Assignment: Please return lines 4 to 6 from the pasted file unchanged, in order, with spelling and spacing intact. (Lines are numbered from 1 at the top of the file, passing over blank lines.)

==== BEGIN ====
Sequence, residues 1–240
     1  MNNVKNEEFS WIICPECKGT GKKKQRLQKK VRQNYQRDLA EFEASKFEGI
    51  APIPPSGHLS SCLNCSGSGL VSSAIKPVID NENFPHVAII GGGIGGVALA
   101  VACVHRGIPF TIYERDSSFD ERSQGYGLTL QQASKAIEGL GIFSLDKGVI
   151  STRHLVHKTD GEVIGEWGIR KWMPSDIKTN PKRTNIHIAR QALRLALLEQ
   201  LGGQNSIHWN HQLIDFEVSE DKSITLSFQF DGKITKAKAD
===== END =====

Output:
   101  VACVHRGIPF TIYERDSSFD ERSQGYGLTL QQASKAIEGL GIFSLDKGVI
   151  STRHLVHKTD GEVIGEWGIR KWMPSDIKTN PKRTNIHIAR QALRLALLEQ
   201  LGGQNSIHWN HQLIDFEVSE DKSITLSFQF DGKITKAKAD